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Mercy school may be sold off following ‘merger’



The Government has definitively ruled out funding a gym or technology room for the amalgamated Mercy and Presentation school, putting the onus firmly back on the patron to cough up for the facilities.

During a debate in the Seanad, the junior minister in the Department of Education, Damien English, said there was a policy in place to prioritise funding for teaching facilities.

He suggested that money raised from either the sale or rent of the Mercy building once it is empty could be used to fund resources such as gyms and computer suites.

“It is difficult to see how the Department could give a commitment on the gym. Resources are tight and the majority is being used to try to fund additional accommodation for new pupils so as to meet demographic demands throughout the country. This is the policy currently,” he told the Seanad.

“The Department has been trying to maximise accommodation for new pupils throughout the country. The majority of funding, which is taxpayers’ money, is being used to build new classrooms as opposed to other facilities.”

When pushed by Senator Fidelma Healy Eames on the importance of not leaving the pupils without a gym, Deputy English said now was the time to have a conversation about whether the other site can release resources to fund a gym.

“I presume that when the two schools are being amalgamated, there might be an opportunity to realise some finance from the site that will not be used. It is a local issue, but this possibility should be considered. There will be an opportunity to use the site for something else that could generate an income that could contribute to a gym.”

The Presentation site has been chosen by the patron of the two schools, CEIST (Catholic Education, an Irish Schools Trust) as the site where the new amalgamated school will be located.

However, that has angered some parents and students from the Mercy, who insist their facilities are superior to those in the Presentation, which has no gym, hot food kitchen, performance hall or modern technology room. The school uses the pool in NUIG, the rowing club and a local hall for its sporting needs.

Dr Marie Griffin, CEO of Ceist, said last week that students could be assured that facilities will be provided in the Presentation site to ensure they can access the full curriculum.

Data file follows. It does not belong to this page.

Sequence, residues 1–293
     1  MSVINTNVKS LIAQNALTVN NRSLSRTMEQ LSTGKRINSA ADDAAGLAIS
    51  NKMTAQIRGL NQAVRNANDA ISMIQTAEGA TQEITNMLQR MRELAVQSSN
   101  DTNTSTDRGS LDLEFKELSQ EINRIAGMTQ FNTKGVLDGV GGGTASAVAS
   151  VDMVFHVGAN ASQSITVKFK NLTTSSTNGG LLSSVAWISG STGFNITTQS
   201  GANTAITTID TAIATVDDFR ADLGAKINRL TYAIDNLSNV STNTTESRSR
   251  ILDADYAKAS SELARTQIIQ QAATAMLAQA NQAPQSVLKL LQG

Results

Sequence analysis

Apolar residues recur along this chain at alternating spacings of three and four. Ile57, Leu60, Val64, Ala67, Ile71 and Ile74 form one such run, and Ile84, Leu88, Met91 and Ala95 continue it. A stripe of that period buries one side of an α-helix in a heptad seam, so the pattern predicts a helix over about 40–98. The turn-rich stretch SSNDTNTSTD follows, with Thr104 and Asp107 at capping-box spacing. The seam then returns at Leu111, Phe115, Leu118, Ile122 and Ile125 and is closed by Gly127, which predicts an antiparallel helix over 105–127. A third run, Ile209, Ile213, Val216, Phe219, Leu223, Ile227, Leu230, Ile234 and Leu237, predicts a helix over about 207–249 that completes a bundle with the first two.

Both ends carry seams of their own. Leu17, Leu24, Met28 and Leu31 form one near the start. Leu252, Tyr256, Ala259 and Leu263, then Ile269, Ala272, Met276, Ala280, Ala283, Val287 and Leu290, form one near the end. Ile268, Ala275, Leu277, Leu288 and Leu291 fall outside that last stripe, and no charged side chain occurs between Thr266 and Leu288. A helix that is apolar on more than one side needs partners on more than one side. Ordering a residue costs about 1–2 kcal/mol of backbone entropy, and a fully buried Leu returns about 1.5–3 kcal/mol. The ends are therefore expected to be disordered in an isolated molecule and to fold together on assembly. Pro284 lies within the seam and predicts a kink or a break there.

“CEIST, as patron, will engage with the Department of Education and Skills in relation to the provision of any identified deficits in the site.”

The Presentation site was recommended by independent consultants as it “requires the least amount of re-modelling of the existing structure and has the potential for expansion to accommodate a combined curriculum and additional teaching spaces”.

Senator Healy Eames said the department must re-evaluate its policy of not funding gyms, which was forcing schools like the Presentation and Salerno in Salthill to “beg and scrape” for sporting facilities outside of the school grounds.


Person taken to UHG following collision near Barna



Galway Bay fm newsroom – A person has been taken to UHG following a road traffic crash near Barna.

The incident, which involved a truck and a car, happened this afternoon on the R336 near the church.

Emergency services are at the scene and the road is currently closed.

One person has been taken to UHG, but the extent of their injuries is not known.

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Taste of Galway at ‘Flavours of Ireland’



Joanne Nunn, Kuoni Tumlare; Mark Henry, Tourism Ireland; and David Keane, DK Connemara Oysters, at Flavours of Ireland 2022.

Some 60 tourism companies from Ireland attended ‘Flavours of Ireland’ 2022 in London last week – including Connemara Wild Escapes, DK Connemara Oysters and Killary Fjord Boat Tours.

‘Flavours’ is Tourism Ireland’s annual B2B tourism workshop, where tourism companies from Ireland meet and do business with top global inbound tour operators.